THOMAS E. LEWIS, of Fort Worth, Texas, is a native of Moultrie county, Illinois, and a son of Dr. T. Y. and Cordelia (Elder) Lewis.
Dr. T. Y. Lewis was born in Shelbyville, Illinois; studied medicine and became a prominent physician at Sullivan, where he lived for many years; came to Texas with his family in 1881 and located at Dublin, in Erath county, where he is still in the active practice of medicine and is a well known citizen, having besides his professional interests a fine ranch stocked with Norman horses and Durham cattle. His wife, a native of Sullivan, Illinois, is a member of a Tennessee family who were for the most part merchants.
Mr. Lewis’ paternal grandfather was born and reared in Boston. He was descended from the Lewis of Lewis and Clark fame, the original progenitors of the family having come to this country from England, settling in Massachusetts Colony, where they figured prominently in commercial affairs, invariably being successful. Ancestors of Mr. Lewis were owners of the Long Wharf at Boston in Revolutionary times. Grandfather Lewis pioneered to Illinois at an early day, making the journey by way of canal boats, stage coaches, etc., and settled at Shelbyville, where he was a prominent merchant.
Thomas E. Lewis received his education at Sullivan, and was a young fellow when the family came to Texas. In those days cattle being the paramount industry in this portion of Texas, he engaged for some time as a manager of a cattle and horse ranch. When still quite a young man he went into the hardware business at Dublin, and was successfully engaged in the same for four years. Being ambitious and wishing to conduct larger operations, he went to Corpus Christi, Texas, on the gulf coast, which was then in the incipient throes of a boom, and commenced dealing in real estate. In this venture he was successful until the panic of 1893 caused a collapse. He was there about two years, and then he took the general southern agency for the Torshon Balance Scale Company of New York. Following this he went on the road for a buggy manufacturing company, selling buggies in Texas, Louisiana, Arkansas, Indian Territory, and Oklahoma. About this time the discovery and application of acetylene gas came to his attention, and he was one of the first in the United States to introduce acetylene gas and sell machines for generating same, introducing it all over Texas and adjacent territory. Previous to going into the gas business he had spent a short time as right-of-way and town-site agent for the Denison and Northern Railway, which was projected to the built northward from Denison through the Indian Territory.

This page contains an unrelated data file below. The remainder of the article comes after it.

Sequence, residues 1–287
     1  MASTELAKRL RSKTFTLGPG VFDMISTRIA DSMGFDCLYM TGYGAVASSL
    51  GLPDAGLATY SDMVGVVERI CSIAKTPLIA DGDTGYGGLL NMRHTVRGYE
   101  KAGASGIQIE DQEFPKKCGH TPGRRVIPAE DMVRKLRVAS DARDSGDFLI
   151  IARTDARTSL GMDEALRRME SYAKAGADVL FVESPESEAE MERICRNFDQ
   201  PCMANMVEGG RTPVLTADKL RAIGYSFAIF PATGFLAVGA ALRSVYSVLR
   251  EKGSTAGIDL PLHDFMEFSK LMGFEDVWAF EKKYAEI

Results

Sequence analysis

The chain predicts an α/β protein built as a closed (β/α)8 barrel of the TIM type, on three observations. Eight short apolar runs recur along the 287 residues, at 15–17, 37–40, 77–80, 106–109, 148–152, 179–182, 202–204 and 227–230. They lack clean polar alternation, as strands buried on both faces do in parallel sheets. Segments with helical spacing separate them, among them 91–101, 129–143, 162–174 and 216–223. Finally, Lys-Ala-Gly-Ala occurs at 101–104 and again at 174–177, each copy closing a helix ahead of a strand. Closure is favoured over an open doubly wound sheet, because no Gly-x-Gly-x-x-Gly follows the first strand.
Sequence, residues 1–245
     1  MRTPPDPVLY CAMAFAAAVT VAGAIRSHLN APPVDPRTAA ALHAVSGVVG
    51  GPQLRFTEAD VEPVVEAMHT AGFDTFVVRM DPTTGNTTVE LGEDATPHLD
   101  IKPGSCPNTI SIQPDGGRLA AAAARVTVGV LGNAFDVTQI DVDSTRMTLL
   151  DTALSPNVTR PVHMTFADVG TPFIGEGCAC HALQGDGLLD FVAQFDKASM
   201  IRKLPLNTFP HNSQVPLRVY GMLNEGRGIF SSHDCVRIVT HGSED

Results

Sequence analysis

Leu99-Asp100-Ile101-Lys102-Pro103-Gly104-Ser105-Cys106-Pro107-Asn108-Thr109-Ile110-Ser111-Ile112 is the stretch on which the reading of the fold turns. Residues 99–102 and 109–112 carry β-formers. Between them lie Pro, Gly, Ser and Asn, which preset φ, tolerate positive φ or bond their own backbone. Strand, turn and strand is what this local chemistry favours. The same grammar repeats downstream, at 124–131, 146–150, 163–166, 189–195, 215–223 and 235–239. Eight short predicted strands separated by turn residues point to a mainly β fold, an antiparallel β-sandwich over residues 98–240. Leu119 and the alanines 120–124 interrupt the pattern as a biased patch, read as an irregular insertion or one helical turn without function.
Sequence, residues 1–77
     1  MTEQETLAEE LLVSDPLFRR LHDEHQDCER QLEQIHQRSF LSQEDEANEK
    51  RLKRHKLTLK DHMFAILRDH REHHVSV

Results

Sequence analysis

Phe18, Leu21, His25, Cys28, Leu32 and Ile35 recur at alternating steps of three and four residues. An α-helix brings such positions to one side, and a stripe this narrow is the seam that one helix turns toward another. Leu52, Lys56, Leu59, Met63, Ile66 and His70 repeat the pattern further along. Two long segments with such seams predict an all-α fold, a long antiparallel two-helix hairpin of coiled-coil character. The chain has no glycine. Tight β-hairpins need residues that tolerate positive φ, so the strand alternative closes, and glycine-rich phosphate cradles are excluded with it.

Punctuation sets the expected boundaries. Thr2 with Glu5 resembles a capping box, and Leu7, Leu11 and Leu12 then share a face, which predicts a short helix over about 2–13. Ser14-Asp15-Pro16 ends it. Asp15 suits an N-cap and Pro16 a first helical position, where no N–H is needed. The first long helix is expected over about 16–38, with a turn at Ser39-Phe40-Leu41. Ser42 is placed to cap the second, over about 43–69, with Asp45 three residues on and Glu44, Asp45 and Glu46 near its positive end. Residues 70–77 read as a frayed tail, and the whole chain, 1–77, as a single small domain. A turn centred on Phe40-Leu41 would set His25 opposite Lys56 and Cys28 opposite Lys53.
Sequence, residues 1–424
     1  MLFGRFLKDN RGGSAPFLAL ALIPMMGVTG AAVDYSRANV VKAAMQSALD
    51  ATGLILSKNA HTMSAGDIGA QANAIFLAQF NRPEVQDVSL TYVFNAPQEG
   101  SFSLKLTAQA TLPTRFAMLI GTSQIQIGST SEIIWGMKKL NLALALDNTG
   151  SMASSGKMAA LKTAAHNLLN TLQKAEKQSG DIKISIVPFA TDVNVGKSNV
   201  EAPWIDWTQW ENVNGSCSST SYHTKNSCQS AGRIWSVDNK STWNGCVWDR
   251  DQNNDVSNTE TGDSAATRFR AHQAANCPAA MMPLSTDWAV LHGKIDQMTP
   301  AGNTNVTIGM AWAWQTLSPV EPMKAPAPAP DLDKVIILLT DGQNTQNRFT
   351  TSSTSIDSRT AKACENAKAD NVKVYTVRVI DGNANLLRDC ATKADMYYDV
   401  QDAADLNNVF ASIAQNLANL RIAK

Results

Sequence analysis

After discontinuing the acetylene gas business, Mr. Lewis cast about for a suitable home and business in or near Fort Worth, which has been his headquarters for some time, and after driving over considerable country around the city he decided to locate at what he subsequently named Sagamore Hill, about four miles east of the Fort Worth courthouse. Here he purchased some land. In 1903 the Fort Worth and Dallas interurban electric line was completed, which runs directly by his property, making it an ideal place for suburban residence, with the quick and easy transportation thus afforded. Since the completion of the road the adjacent property as far out as Handley is becoming settled with pretty suburban residences, and has greatly enhanced in value. Mr. Lewis’ own home site is ideally situated, being on the highest point between Dallas and Fort Worth, and commanding a magnificent view of the latter city. Besides his home place, Mr. Lewis has adjoining valuable acreage and platted residence lots which he is selling to home builders. Sagamore Hill will undoubtedly be one of the most attractive suburbs of Fort Worth.
Mr. Lewis married Miss Hattie M. Brown, who was born and reared in Mexico, Missouri, and they have one son, Thomas Y.
Source: B. B. Paddock, History and Biographical Record of North and West Texas (Chicago: Lewis Publishing Co., 1906), Vol. II, pp. 465-466.